3. EXERCISE> the next step is for me to exercise. I combine that with audiobooks, so while I’m working out I’m listening to something valuable. I have one of those shaking machines. You know the giant vibrators… No! not the sexual ones, just the ones you stand on. I stand on that for about 10 minutes and then do some resistance training. I have exercise bands and weights in my room, so I’ll grab those and do some exercises first thing in the morning. All the while, I listen to audiobooks. One of my new favorite things is to listen to “The Blinkest Minute” on my echo device. In short blurbs, I gain insights into how our world works; and it’s absolutely free. If you saw my exercise routine in the morning, you would be wholly unimpressed. Its low impact, it’s easy, and I only do it for maybe 10 to 15 minutes. Let me tell you why I choose a low-intensity exercise first thing in the morning. Low-intensity exercise can actually decrease cortisol levels. If done for long periods, low-intensity exercise can increase cortisol levels (nearly the same as high-intensity exercise; https://www.dnafit.com/advice/fitness/cortisol-stress-and-exercise.asp). For me, I want to reduce my cortisol levels first thing in the morning because of my high anxiety. So, for me, this routine of a low impact exercise has been a game-changer. I feel way less depressed and anxious and can get a jump on my day while doing something good for my brain and body.
4. JOURNAL, PRAY, AND MEDITATE> The next step in my routine is to journal, say a prayer, and meditate. When I Journal, I only do one page. I start by writing down what I’m experiencing, followed by three things that I’m grateful for, followed by what I will contribute for the day. I will word it like this; “I am grateful for…” and “Today I will contribute by…”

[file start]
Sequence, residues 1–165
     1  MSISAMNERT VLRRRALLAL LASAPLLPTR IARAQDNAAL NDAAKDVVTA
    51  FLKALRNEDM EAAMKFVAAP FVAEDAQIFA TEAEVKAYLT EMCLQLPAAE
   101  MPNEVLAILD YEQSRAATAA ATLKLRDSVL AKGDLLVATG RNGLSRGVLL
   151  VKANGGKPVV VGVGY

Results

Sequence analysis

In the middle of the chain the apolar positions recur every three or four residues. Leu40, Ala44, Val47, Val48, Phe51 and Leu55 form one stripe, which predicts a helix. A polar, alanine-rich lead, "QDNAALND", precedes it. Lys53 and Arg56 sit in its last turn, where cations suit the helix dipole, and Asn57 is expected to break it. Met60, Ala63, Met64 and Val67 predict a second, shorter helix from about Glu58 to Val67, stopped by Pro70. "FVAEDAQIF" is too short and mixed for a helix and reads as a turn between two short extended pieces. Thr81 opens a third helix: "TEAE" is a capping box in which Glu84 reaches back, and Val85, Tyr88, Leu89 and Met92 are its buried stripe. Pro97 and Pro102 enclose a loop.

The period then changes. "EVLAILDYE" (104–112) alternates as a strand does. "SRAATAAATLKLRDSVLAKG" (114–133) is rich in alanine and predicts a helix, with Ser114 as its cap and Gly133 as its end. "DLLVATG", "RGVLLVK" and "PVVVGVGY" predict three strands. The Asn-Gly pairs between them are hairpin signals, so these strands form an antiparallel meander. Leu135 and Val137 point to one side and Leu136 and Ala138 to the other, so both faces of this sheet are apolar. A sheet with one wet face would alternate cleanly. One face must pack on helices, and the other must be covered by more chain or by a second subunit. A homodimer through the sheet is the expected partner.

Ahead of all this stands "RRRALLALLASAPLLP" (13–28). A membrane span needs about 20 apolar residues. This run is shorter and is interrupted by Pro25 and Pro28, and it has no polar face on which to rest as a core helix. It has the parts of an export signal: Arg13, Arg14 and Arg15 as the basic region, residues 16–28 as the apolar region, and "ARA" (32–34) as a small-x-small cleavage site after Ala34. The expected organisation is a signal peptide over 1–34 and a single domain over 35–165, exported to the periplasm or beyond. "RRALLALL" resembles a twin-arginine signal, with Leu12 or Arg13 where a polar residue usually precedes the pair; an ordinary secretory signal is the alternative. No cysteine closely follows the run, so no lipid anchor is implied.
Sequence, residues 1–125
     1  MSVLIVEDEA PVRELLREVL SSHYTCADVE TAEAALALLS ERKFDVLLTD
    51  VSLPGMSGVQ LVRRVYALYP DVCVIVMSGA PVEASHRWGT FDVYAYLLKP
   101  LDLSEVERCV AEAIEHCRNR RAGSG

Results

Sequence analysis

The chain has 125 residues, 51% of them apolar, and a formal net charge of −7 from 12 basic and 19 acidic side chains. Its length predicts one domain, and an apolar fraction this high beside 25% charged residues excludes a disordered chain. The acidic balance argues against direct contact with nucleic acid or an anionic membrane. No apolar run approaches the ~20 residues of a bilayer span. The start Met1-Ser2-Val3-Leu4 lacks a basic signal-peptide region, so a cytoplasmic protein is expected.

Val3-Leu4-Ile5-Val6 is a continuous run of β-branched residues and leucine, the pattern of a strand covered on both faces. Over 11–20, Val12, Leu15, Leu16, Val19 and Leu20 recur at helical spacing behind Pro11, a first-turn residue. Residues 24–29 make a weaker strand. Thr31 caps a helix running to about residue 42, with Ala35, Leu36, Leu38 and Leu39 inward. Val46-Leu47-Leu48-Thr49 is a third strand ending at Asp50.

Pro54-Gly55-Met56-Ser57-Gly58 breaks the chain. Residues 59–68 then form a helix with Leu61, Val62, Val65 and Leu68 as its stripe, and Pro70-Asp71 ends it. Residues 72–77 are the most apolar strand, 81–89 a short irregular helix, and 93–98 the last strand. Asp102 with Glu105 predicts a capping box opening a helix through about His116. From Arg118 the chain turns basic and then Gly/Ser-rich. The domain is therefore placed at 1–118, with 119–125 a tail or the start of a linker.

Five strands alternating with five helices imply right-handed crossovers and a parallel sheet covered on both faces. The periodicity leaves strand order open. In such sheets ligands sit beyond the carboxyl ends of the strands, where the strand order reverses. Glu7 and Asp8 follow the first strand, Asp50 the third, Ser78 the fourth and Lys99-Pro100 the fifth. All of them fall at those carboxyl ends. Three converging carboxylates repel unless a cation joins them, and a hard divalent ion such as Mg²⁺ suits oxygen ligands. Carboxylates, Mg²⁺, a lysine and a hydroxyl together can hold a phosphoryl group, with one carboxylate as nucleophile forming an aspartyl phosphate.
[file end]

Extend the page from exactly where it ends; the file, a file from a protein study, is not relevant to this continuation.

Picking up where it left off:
When I finished journaling, I will say a prayer-- even though I don’t know if I fully believe in a God, it feels good to pray. Next, I will turn on meditation music, and sometimes just sit for a minute and try and be present. I have to admit, I’m not super great at sitting still mentally, but it’s good to just slow down for a bit.
5. COLD SHOWER> This is a hard one. I don’t just take a cold shower; I take a hot shower followed immediately by 30 seconds of cold. Holy shit, this one gets me. I hate this one, and I love it at the same time. Taking a cold shower at the end of a hot shower honestly is fucking miserable. However, there are some real health benefits to shocking your system in this way. Check some of those benefits out here (https://www.msn.com/en-us/health/health-news/12-benefits-of-taking-cold-showers-every-day/ar-BBUq4zD).
6. FINALLY, GROOM YOURSELF> Show yourself that you’re worth it. Take a shower, comb your hair, trim your beard if you’re a man… or a woman; just make yourself look handsome or beautiful or whatever makes you feel comfortable. But show yourself in the mirror that you are valuable and that YOU matter. This is a way for you to demonstrate that you’re worth it; that you’re worth taking care of. And by God, you are. I think of Stuart Smalley on Saturday Night Live saying “I’m good enough, I’m smart enough, and doggone it people like me.” Now, you don’t have to be cheesy like that-- although that is pretty funny, you can make yourself look good. Take care of your clothes put on some clean clothes, brush your teeth. You matter, and part of knowing that you matter is showing yourself that you matter by taking care of your appearance.
There you have it! Boring, I know, but I don’t care, okay, I do care, but this is what I do, and it works. You don’t have to do all of it. You can take parts of it and adapt it to you, but create a morning routine because it will set the pace for your day. It will help you get out of the funk and move on in your life, and you’re worth it. Now, go create the life you want and start that first thing in the morning!
Dedovic, K., & Ngiam, J. (2015). The cortisol awakening response and major depression: examining the evidence. Neuropsychiatric disease and treatment, 11, 1181–1189. doi:10.2147/NDT.S62289
Laurence, E. (2019, February 24). How to prevent morning anxiety from totally ruining your day. Retrieved from https://www.wellandgood.com/good-advice/morning-anxiety/